In 2003 an area behind the hot cells in Building 2026 at the Oak Ridge National Laboratory (ORNL) was flooded with highly contaminated liquids when a liquid low level waste pipe became clogged. The main contaminants of concern are uranium and plutonium. Transferrable contamination levels are in the 1,000,000 disintegrations per minute range. The area is posted as an airborne contamination area requiring double anti-contamination suiting and full-face respirators for entry. In the years since the accident, the area has been painted, lacquered, and treated with InstaCote™ CC Wet to reduce airborne and transferrable contamination.
Cellular Bioengineering Inc. (CBI) has developed decontamination gels (DeconGel™ 1101, 1120 and 1121) that when dried allow efficient removal of contamination from surfaces in a peelable film that can be easily disposed. The gels are recommended for decontamination of radioisotopes as well as particulates, heavy metals, water soluble and insoluble organic compounds (including tritiated compounds). The hydrogel coating can be applied to horizontal, vertical and inverted surfaces and can be applied to most substrates including bare, coated and painted concrete, aluminum, steel, lead, rubber, plexiglass, herculite, wood, porcelain, tile grout, and vinyl, ceramic and linoleum floor tiles. When dry, the product locks the contaminants into a polymer matrix. The film containing the encapsulated contamination can then be peeled and disposed of according to appropriate local, state and federal regulations.
Previous DOE sponsored field tests included the decontamination of Pu-238 in highly contaminated glove boxes with DeconGel™ at Lawrence Livermore National Laboratories. Surfaces decontaminated included aluminum, cast steel and Lexan (polycarbonate) windows. The average decontamination efficiency after three applications was 99+% and the gel shielded 91+% of the radiation during drying. Given the highly contaminated nature of the glove boxes, the decontamination efficiency was considered excellent and it was estimated that a significant savings in man hours was realized.
A second field test included the decontamination of multiple surfaces with DeconGel™ at Alaron Nuclear Services. The average reduction in loose beta activity was 90-100%. Isotopes decontaminated include Cs-137, Cs-134, Co- 58, Co-60, Mn-54, Fe-55, Ni-63, Ni-59, Zn-65, Zr-95, U-238, U-234, U-235, Ag-110m, Zn-65 and Sr-90. Highlights of single applications include: a 90% reduction of loose beta contamination on the cylindrical surface of a Nuclear Assurance Corporation (NAC) National Lead Industry (NLI) storage cask, a 98% reduction of loose beta contamination on the soiled cap of an NAC NLI storage cask and a 99% reduction of loose beta contamination on the bare concrete floor of the heavily used contaminated area.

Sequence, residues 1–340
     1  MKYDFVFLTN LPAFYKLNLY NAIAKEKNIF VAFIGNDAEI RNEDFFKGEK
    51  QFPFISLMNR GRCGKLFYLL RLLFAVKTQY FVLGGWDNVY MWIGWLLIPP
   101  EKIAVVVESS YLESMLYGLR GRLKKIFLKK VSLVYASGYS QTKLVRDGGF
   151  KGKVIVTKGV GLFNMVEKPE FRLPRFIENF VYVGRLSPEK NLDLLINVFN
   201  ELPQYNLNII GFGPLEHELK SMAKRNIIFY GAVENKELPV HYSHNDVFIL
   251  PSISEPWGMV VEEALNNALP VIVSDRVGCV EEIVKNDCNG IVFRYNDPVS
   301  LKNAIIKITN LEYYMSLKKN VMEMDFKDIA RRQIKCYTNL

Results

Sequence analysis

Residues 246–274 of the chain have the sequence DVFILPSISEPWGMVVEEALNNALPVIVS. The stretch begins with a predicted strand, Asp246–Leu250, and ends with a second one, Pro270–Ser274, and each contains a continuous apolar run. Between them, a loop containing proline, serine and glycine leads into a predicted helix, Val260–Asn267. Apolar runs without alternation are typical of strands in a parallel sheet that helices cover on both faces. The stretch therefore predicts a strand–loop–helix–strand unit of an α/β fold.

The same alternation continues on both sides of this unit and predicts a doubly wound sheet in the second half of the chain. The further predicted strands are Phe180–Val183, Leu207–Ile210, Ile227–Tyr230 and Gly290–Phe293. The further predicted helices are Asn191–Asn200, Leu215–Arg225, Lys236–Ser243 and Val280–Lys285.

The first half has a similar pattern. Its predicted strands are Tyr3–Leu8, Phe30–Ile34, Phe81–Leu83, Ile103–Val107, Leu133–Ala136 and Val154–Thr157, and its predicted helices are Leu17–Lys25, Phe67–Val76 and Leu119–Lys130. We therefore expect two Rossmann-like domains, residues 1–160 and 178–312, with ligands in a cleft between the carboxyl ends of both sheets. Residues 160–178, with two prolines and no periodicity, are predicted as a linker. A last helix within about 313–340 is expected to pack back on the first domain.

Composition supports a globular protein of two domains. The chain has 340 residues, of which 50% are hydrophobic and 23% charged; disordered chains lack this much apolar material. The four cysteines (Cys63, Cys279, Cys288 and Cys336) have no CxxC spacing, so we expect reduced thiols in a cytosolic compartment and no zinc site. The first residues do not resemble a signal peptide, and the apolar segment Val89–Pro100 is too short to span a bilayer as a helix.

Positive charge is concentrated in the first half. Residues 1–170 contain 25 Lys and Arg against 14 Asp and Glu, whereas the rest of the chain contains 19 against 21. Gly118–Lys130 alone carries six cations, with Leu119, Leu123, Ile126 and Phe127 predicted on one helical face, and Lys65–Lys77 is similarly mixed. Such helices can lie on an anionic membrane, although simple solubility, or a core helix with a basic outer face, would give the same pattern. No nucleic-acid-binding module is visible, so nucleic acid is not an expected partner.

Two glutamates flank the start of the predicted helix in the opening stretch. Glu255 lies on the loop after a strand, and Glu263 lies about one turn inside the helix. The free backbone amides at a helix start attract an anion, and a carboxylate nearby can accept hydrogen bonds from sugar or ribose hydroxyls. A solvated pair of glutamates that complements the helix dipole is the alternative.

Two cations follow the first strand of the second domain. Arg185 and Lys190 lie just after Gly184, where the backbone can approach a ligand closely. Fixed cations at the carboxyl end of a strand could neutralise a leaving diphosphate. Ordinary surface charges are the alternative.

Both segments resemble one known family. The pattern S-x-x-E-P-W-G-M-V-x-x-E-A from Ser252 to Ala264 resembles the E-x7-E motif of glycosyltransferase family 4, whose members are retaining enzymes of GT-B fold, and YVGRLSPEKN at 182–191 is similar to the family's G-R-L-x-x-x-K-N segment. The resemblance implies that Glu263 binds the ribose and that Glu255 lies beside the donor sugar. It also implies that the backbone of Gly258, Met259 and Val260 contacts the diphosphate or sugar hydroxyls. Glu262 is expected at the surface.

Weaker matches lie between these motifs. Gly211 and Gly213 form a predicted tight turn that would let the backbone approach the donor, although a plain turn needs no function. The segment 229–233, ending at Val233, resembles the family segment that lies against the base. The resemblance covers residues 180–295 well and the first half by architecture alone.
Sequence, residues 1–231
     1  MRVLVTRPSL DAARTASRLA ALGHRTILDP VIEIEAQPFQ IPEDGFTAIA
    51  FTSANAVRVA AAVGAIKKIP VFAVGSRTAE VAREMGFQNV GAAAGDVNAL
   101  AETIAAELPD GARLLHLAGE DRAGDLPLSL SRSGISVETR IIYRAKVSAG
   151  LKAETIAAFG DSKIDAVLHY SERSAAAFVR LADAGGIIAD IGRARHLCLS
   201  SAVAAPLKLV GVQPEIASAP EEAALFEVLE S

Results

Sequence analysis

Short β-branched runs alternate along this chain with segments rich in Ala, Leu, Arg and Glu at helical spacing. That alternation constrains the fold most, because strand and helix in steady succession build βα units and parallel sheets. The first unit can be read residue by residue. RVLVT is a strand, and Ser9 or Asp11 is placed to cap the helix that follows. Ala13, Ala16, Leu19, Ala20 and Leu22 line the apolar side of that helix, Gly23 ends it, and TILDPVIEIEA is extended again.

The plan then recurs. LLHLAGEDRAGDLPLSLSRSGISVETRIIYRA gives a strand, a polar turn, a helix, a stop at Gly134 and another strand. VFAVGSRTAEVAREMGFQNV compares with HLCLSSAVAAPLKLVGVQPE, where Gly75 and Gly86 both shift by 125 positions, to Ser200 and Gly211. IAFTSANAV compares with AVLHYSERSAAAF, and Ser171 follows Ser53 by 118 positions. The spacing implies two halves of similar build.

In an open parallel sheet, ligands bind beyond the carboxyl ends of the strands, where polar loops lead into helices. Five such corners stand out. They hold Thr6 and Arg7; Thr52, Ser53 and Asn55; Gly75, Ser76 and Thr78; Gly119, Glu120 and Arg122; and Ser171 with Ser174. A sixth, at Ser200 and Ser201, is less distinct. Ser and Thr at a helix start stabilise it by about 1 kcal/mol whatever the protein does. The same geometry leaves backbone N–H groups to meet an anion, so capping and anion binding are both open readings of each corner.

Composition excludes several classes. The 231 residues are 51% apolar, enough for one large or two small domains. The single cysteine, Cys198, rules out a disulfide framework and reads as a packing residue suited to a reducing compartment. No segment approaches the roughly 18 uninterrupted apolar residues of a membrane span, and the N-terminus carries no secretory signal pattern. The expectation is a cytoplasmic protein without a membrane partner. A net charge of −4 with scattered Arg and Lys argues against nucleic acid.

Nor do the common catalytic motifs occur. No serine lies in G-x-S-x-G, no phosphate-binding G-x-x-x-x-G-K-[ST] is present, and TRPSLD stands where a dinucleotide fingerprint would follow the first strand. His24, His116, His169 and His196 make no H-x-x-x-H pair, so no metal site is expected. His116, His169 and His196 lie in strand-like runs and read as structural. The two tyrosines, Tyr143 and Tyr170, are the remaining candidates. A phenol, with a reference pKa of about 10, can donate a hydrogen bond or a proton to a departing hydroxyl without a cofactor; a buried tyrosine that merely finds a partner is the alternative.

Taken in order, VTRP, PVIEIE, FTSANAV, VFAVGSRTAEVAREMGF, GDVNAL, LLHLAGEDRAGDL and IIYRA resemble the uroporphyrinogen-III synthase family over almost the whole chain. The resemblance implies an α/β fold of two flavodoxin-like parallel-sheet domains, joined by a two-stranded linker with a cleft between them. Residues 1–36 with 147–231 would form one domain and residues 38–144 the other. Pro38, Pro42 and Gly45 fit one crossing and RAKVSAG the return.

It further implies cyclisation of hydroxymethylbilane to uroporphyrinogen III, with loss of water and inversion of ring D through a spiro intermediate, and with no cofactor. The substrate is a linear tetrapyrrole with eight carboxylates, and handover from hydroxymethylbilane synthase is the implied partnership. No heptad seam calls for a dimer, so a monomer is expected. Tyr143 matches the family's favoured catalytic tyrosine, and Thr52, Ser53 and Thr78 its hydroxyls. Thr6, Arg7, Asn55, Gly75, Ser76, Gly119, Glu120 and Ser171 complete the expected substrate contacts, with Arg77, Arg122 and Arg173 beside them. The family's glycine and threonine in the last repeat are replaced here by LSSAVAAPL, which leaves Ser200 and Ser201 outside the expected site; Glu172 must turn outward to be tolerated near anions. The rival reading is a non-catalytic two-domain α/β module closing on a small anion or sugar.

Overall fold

Through a grant between the Department of Energy Office of Environmental Management and CBI and managed by the Office of Deactivation and Decommission and Facility Engineering (EM-23), the CBI gels were tested at ORNL. DeconGel™ 1101 was applied to a 20’ by 30’ contaminated area on the floor and tracks behind the hot cells in Building 2026 and DeconGel™ 1121 was sprayed and painted on the walls and hot cell doors up to about 2’ in the same area. The initial application removed an average of about 50% of the alpha and beta transferrable contamination. Areas that had not been previously treated with sealants or fixatives showed removal efficiencies greater than 90% - as did some of the floor areas. It is hypothesized that in areas of lower removal efficiency the DeconGel™ removed the previous treatment materials but was not able to fully penetrate into the porous surfaces of the concrete because of the previous treatment processes. The tracks contained accumulated treatment material and some debris. It is believed that the DeconGel™ pulled up this material and exposed the underlying contamination. Therefore a second application of DeconGel™ 1101 was made to the tracks. Analytical results showed additional removal of about 62% of the transferrable alpha contamination and 37% removal of transferrable beta contamination. The role previous treatment processes played in this field test, as it relates to the efficacy of the tested gels, is still unclear.
Decontamination agents can be an effective means of reducing or eliminating contamination on building surfaces and equipment. This technology improves worker safety and reduces personnel protection equipment requirements. Decontamination prior to D&D can also reduce the volume of contaminated debris going into radiological landfills, saving on landfill space and disposal costs. Decontamination agents also have the potential to reduce the cost and accelerate the schedule for D&D by reducing contamination control and monitoring requirements before and during D&D.
Impact and Features
- Allow for down posting of contaminant areas thus reducing cost to maintain
- Improve worker safety
- Reduce personnel protective equipment requirements
- Reduce the volume of contaminated debris and equipment slated for radiological landfills
- Reduce the cost of waste disposal by reducing radiological disposal and utilizing sanitary industrial disposal options
- Allow free release and reuse of equipment and facilities
- Accelerate the D&D schedule